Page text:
"Privately owned businesses that serve the public, such as restaurants, hotels, retail stores, grocery stores, taxicabs, shuttles, buses, theaters, concert halls, hospitals, medical offices, health clubs, parks, zoos, sports facilities... are prohibited from discriminating against individuals with disabilities. The ADA requires these businesses to allow people with disabilities to bring their service animals onto business premises in whatever areas customers are generally allowed". People with disabilities who use service animals cannot be charged extra fees, isolated from other patrons, or treated less favorably than other patrons. Businesses that sell or prepare food must allow service animals in public areas even if state or local health codes prohibit animals on the premises. ADA 2011

Service dogs are working animals, not pets.  A Service Dog is individually trained to do work or perform tasks for a person with a disability. The work or task a dog has been trained to provide must be directly related to the persons' disability. ADA 2011

Major Life Activities are not always visible, they may include, but are not limited to, caring for oneself, performing manual tasks, seeing, hearing, eating, sleeping, walking, standing, lifting, bending, speaking, breathing, learning, reading, concentrating, thinking, communicating, and working. A major life activity also includes the operation of a major bodily function, including but not limited to, functions of the immune system, normal cell growth, digestive, bowel, bladder, neurological, brain, respiratory, circulatory, endocrine, and reproductive functions. Shall not apply to impairments that are transitory and minor. A transitory impairment is an impairment with an actual or expected duration of 6 months or less. ADA 2011

Frequently asked questions

How can I tell if a dog is a Service Dog, emotional support, or a family pet?
Putting a vest on a dog or buying a card does not make them a service dog. A service dog should be well socialized, obedient, working calmly and quietly with their handler. If they do lose focus, the handler can quickly get them back on the job. A dog that is not paying attention, fearful, threatening, not house broken, or otherwise out of control is most likely not a legitimate service dog. Even if they are, you may ask them to leave under these circumstances.

Can I require documentation before allowing a service dog into my business?
There are a few exceptions to this rule, housing, work, commercial airlines...
"When it is not obvious what service an animal provides, only limited inquiries are allowed. Staff may ask two questions: (1) is the dog a service animal required because of a disability, and (2) what work or task has the dog been trained to perform.
Staff cannot ask about the personís disability, require medical documentation, require a special identification card or training documentation for the dog, or ask that the dog demonstrate its ability to perform the work or task.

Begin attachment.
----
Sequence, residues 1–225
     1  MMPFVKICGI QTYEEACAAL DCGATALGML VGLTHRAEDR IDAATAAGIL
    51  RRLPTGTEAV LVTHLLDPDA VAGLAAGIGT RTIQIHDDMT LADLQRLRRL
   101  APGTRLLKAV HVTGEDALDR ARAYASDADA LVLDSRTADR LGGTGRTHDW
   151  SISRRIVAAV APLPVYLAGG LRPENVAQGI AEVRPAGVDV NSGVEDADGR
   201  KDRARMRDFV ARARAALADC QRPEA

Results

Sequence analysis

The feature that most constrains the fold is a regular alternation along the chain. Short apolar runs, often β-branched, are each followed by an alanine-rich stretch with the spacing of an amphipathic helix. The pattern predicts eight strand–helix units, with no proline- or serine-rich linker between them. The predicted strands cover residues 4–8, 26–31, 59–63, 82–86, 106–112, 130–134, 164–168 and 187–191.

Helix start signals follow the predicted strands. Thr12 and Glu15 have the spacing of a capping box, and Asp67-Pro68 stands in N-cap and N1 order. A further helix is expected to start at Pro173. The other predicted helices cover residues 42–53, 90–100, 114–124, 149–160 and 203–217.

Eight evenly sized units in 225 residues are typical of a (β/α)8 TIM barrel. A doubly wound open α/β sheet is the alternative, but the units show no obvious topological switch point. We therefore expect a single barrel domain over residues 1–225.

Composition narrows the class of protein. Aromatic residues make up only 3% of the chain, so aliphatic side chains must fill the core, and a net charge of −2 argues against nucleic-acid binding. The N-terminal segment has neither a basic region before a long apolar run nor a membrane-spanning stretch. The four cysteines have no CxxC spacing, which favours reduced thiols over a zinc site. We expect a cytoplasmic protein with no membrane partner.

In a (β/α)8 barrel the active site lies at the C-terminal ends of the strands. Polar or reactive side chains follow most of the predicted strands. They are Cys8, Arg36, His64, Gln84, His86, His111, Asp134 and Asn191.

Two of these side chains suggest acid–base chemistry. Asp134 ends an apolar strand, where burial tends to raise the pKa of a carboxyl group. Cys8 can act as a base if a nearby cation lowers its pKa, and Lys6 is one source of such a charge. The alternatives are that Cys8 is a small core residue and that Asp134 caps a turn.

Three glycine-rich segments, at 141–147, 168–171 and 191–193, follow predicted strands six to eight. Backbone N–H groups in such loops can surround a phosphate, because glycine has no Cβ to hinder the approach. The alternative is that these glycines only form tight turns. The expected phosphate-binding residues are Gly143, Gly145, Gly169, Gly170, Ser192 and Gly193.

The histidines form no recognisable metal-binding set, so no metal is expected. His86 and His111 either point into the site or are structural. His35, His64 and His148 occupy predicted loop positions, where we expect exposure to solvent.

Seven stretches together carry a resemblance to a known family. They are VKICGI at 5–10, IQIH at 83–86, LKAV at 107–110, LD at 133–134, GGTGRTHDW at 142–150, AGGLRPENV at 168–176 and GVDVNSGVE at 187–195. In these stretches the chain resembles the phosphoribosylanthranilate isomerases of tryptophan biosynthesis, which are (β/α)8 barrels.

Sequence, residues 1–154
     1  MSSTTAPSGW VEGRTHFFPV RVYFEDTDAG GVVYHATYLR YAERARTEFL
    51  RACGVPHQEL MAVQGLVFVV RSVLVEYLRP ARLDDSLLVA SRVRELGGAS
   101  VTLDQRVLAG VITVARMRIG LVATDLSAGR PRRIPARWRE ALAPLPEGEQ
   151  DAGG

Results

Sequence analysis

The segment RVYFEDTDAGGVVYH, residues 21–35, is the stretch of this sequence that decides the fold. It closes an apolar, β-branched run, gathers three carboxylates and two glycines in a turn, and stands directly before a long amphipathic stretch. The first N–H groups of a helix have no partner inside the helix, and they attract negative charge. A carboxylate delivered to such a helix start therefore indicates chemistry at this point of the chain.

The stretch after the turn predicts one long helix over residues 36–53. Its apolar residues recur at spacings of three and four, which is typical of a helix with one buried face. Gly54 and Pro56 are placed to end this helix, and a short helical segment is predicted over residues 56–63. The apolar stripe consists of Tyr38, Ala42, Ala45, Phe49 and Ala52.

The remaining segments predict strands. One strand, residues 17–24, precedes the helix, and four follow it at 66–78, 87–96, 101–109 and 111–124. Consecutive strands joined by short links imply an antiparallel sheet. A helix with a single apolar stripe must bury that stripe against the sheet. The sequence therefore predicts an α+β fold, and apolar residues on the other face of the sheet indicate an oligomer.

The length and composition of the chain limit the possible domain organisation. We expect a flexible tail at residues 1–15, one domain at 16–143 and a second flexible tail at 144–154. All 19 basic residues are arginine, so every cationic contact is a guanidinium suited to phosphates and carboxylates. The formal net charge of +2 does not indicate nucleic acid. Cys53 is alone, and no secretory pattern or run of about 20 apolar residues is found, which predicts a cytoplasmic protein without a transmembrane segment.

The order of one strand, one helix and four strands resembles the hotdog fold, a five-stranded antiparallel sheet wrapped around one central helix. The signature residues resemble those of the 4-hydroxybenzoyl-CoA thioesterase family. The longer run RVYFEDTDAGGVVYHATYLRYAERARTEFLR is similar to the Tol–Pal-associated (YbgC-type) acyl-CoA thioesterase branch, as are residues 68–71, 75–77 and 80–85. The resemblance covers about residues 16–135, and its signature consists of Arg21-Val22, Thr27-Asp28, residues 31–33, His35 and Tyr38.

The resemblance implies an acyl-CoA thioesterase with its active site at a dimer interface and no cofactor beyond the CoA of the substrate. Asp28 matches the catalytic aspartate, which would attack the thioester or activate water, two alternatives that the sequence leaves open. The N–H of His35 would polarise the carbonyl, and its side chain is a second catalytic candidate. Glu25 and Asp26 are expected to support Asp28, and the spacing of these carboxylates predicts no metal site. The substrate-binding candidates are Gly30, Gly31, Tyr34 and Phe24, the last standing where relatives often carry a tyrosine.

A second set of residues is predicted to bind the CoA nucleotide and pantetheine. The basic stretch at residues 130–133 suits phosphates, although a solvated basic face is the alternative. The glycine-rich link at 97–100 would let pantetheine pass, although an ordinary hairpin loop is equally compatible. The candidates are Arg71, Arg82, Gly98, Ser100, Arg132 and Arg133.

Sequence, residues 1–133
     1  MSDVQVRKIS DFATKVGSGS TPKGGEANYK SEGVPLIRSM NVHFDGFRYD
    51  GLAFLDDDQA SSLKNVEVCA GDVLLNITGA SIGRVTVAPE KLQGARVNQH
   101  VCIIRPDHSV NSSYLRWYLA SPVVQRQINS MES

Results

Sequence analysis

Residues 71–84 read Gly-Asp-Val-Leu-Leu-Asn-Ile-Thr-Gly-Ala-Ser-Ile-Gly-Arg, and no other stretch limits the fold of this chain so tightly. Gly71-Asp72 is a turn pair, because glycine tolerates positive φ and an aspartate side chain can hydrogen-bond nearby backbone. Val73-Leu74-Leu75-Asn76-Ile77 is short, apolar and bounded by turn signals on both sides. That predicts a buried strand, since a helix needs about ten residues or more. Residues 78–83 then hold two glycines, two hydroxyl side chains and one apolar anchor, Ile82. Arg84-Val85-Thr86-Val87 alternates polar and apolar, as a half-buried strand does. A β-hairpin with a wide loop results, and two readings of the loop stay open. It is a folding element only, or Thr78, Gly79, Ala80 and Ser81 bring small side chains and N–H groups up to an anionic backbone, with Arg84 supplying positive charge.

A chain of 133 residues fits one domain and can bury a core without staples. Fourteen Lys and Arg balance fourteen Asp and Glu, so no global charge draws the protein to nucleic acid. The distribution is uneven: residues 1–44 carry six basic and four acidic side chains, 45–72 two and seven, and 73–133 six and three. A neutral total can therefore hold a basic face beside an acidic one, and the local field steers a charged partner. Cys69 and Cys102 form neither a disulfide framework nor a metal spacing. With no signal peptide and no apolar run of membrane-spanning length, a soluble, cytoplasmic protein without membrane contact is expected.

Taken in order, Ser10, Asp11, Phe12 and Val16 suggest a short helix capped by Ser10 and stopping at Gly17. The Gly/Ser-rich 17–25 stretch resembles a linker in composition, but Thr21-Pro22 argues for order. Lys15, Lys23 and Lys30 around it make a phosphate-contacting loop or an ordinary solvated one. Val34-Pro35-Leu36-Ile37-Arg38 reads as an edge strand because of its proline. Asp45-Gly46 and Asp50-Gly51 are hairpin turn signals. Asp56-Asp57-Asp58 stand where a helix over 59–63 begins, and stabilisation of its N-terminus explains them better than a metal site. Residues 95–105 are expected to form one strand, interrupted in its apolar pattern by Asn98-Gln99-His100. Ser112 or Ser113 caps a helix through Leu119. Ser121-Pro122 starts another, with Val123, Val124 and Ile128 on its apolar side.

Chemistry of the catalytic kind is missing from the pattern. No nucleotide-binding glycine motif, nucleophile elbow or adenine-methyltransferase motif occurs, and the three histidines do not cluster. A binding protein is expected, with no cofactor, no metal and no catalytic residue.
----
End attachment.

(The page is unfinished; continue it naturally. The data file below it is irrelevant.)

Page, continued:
You can simplify these questions. What you really want to know is:
     Is your dog a service dog?
yes or no
     Has your dog been trained to help you with a specific disability? yes or no

Use caution, many disabled may not be able to answer those questions effectively. Some may not really know or understand what their dog does for them, or have the capacity to explain it to you. It is very important to look at the whole picture. If the dog is not "trained to perform tasks to mitigate the handler's disability", then it is not a service dog protected under the ADA.

Do service dogs have to be certified?
No, they do not. They must however be "trained to perform tasks to mitigate the handler's disability". They also must behave appropriately in public. ADA 2011

Can a business ever refuse service to someone with a service dog?
If their dog is out of control and they do not take effective action to control it or the dog is not housebroken. You may ask them to leave. Allergies and fear of animals are not valid reasons for denying access or refusing service to people with service animals.

When there is a legitimate reason to ask that a service animal be removed, staff must offer the person with the disability the opportunity to obtain goods or services without the animal present. ADA 2011

All dog owners are held accountable for their dogs behavior, and can be charged for damages to people and property.

Information obtained from the ADA 2011 revision

Links to the DOJ/ADA websites
United States Department of Justice, Americans with Disabilities Act
http://www.ada.gov/service_animals_2010.htm
http://www.state.ia.us/government/crc/docs/Factsheet%20Service%20Animals.pdf
You can call the U.S. Department of Justice, for more information about ADA regulations. Their number is (800) 514-0301 or (800) 514-0383 TDD

http://timberlys-all-about-service-dogs.tripod.com/sdlawsbystate.html
Still have questions. Contact us for more information.
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